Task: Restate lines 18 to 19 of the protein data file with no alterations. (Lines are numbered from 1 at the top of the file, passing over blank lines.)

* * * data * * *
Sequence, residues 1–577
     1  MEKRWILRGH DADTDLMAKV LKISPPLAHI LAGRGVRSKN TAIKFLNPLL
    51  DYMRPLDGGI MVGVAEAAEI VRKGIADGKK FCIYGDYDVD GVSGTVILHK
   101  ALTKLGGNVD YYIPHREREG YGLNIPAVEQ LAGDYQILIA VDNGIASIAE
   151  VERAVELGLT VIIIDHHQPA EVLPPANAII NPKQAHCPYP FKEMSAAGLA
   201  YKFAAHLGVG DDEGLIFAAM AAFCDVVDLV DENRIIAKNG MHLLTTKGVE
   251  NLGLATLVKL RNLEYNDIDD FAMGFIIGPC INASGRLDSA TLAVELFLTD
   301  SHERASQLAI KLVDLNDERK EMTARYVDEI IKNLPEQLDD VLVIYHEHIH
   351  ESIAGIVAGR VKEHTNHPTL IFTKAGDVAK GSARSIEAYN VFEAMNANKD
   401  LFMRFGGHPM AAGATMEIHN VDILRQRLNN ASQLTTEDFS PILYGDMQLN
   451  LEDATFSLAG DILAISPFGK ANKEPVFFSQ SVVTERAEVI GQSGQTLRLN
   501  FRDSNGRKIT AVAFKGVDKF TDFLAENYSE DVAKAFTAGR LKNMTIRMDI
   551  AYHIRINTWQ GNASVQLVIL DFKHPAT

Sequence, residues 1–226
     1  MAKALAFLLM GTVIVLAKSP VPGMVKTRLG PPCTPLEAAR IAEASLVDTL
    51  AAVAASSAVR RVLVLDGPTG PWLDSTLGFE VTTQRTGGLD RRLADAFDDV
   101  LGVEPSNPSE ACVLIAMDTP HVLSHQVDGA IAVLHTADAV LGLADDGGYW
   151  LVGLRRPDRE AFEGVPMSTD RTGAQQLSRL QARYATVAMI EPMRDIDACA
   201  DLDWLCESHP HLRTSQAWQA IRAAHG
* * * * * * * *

   151  LVGLRRPDRE AFEGVPMSTD RTGAQQLSRL QARYATVAMI EPMRDIDACA
   201  DLDWLCESHP HLRTSQAWQA IRAAHG